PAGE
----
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Of Hashtags and Hot Bodies

By Julma M. Narvadez

Unsurprisingly, #Penafrancia2022 is popular in social media this side of the world, this time of the year. But what are hashtags and what do they reveal about the content?

“We use hashtags typically to identify our posts as relating to a specific topic. Also, perhaps to keep ourselves in the loop with other related content. Hashtags intend to create a pool of all posts relating to a subject, which is usually the name of the hashtag. We use them on social media, particularly in microblogging platforms, so that our posts can join all the other posts relating to the same topic,” explains Dr. Ma. Filipinas “Pines” Bana, Chair, Media Studies Department of the Ateneo de Naga University.

“If we use, for instance, #Peñafrancia2022 in our posts, it implies that our post/information/content is about or is related to the Peñafrancia 2022 festivities. If we click the hashtag, we will be able to see all the other public posts on social media using the same hashtag, and we will normally expect that these are about the programs and activities relating to the relating to the Peñafrancia festival,” she adds.

Hashtags have made it easier for us to discern if our celebration is in keeping with the devotion to Ina.

With #Peñafrancia2022, we can evaluate if social media posts bearing this hashtag promote an authentic devotion. Take for example the numerous contents on Miss Bicolandia. True, its staging has been a local government/business-sponsored civic activity since as far as I can remember. But looking at photos of ladies in skimpy bikinis and glamourous gowns, captioned #Peñafrancia2022, the photos and hashtag contradict each other. It’s like a shoutout from Leni Robredo thanking Ferdinand Marcos Jr, for lending the presidential chopper so she can come home to Naga City any given day. Because we know who and what they are, such post would be absolutely unbelievable.

Dr. Bana warns netizens: “Some marketing strategies in social media would also use hashtags to get more social media presence. For example, promotional ads for a beverage product may capitalize on the fiesta and use #Peñafrancia2022 as a hashtag, to maximize exposure and to join in the information relating to the events.”

The commercialization of the fiesta does not end in rows upon rows of tarpaulins and banderitas along major thoroughfares. It can continue online, especially with livestreaming becoming the norm. See the ads flashing on your screens during processions and parades? That’s how the page administrators satisfy their sponsors to make money out of the event.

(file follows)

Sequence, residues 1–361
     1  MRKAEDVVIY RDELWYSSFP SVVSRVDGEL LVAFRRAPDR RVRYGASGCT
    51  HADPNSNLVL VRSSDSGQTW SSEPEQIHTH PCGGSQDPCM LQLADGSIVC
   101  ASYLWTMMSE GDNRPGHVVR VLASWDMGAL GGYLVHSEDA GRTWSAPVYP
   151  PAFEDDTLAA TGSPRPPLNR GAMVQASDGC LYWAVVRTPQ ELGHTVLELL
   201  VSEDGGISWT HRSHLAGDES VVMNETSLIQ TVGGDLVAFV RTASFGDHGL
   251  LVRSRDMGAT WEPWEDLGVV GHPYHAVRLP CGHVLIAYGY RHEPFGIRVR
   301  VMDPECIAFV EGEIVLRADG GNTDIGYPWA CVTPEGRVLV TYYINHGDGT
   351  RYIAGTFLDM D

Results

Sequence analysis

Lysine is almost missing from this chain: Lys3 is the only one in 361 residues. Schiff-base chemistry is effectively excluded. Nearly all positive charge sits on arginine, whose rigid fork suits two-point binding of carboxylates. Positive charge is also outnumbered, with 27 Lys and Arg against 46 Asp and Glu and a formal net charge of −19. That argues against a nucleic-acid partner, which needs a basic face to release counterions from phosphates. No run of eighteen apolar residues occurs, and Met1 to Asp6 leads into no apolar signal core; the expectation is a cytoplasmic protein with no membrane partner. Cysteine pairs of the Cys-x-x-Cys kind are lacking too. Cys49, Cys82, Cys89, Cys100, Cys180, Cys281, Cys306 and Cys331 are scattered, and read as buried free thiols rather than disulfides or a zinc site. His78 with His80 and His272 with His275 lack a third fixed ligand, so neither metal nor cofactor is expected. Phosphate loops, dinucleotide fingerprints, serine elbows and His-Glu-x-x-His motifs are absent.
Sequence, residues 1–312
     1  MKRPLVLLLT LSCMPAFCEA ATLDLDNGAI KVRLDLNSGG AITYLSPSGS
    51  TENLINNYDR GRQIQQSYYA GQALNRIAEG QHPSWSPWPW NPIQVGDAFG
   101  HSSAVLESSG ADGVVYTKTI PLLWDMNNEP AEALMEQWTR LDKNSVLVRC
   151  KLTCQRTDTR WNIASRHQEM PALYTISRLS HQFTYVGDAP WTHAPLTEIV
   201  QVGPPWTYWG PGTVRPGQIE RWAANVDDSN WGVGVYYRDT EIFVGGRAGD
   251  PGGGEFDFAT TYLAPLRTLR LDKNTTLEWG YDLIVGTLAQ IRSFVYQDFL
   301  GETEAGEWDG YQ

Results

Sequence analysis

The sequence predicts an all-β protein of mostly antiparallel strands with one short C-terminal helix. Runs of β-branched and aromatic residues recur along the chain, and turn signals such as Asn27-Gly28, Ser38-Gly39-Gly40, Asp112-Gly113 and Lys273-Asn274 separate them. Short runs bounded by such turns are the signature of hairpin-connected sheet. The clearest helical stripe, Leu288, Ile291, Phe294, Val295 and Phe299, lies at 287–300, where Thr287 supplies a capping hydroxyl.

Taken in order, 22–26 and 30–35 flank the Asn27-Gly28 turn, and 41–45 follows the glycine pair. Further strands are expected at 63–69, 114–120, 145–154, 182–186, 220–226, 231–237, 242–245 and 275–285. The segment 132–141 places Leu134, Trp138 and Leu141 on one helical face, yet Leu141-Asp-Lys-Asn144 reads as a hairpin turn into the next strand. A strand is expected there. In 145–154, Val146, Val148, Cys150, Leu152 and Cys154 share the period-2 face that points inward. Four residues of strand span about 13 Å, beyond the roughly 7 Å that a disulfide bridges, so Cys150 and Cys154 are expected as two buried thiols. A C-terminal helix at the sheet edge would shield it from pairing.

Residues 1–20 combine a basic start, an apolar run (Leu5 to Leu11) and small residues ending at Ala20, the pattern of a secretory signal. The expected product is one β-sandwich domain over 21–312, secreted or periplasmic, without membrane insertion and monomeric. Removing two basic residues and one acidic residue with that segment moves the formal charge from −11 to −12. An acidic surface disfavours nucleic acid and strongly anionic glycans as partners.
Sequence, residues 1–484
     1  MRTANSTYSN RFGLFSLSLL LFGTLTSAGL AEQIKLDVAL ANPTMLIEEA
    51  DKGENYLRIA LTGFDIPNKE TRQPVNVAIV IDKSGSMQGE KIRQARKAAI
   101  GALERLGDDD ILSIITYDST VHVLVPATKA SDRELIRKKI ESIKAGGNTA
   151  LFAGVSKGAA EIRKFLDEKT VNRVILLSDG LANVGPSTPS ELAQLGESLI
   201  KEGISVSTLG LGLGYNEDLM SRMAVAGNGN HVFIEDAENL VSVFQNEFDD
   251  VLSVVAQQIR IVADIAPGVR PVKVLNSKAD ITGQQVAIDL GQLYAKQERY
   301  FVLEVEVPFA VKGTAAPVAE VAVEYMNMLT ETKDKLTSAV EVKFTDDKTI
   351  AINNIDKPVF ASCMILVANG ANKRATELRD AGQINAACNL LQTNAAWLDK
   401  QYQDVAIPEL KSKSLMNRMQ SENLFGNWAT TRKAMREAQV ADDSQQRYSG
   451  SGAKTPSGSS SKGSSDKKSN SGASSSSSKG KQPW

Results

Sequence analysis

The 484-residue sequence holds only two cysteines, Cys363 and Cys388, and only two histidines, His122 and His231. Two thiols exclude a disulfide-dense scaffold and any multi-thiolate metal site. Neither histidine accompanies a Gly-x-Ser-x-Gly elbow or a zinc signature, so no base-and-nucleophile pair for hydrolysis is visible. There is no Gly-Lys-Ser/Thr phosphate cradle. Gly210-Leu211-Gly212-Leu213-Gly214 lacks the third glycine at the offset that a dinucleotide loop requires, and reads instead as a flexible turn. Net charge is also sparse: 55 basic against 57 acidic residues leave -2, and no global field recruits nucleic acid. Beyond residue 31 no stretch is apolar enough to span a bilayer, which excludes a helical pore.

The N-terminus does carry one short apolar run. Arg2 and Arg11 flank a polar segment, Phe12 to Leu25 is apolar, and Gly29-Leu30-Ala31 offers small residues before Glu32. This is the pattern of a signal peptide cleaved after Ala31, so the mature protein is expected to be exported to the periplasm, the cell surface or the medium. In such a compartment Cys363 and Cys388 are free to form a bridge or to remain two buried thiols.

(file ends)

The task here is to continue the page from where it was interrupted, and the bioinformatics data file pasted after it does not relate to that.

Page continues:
Another incident worth noting is the cancellation of the permit for Beer Plaza and Search for Sexy Hot Bodies 2022 supposedly set on September 10. The beer plaza and pageant were to happen in the flesh, but the uproar happened online on September 1.

According Fr. Wilmer S. Tria, parish priest of the St. Raphael the Archangel Parish in Pili, Camarines Sur, he received a screenshot of a Facebook post promoting the event. “I was alerted by a concerned devotee. I forwarded the photo to Archbishop Roly and my brother priests,” Fr. Tria recalls. “I learned that the mayor was asked about it.”

On the same day, Naga City Mayor Nelson S. Legacion announced on Facebook that the event did not have prior permission from the city government nor was he allowing it. Mayor Legacion said the pageant runs counter with Presidential Proclamation No. 33 series of 2010. He also made public how Ateneo de Naga University President Fr. Robert N. Rivera, SJ, said that the university would help in the advocacy “if City does not cease in allowing such activities during fiesta.”

“An evangelized devotee should cringe,” Fr. Tria says when asked about how devotees should react upon learning about activities that are contrary to the true character of the fiesta.

Reportedly, there was misrepresentation when the barangay permit was secured. Go On Restobar did not reply when asked for comment. But as early as July 13, it has already posted on Facebook that the pageant’s final screening was on August 20, 2022; the Bikini Fashion Show, September 10 at 2:00 PM at the Restobar; and the Final Showdown, also on September 10 at 7:00PM at the Covered Court, Greenland, Concepcion Pequeña, Naga City.

This goes to show that long before the Archdiocese of Caceres and the City Government of Naga issued the Joint Statement announcing a return to the traditional fiesta activities, “sexy hot bodies” were already set to parade their stuff a day after the Traslacion.

This incident is a classic example of how devotees can nourish the devotion to Ina and eliminate factors that degenerate the Peñafrancia Fiesta. In order for Naga City to be true to its name Pilgrim City, an unadulterated political will is essential. In order for future generations to inherit an authentic devotion to Our Lady of Peñafrancia, vigilance is key.


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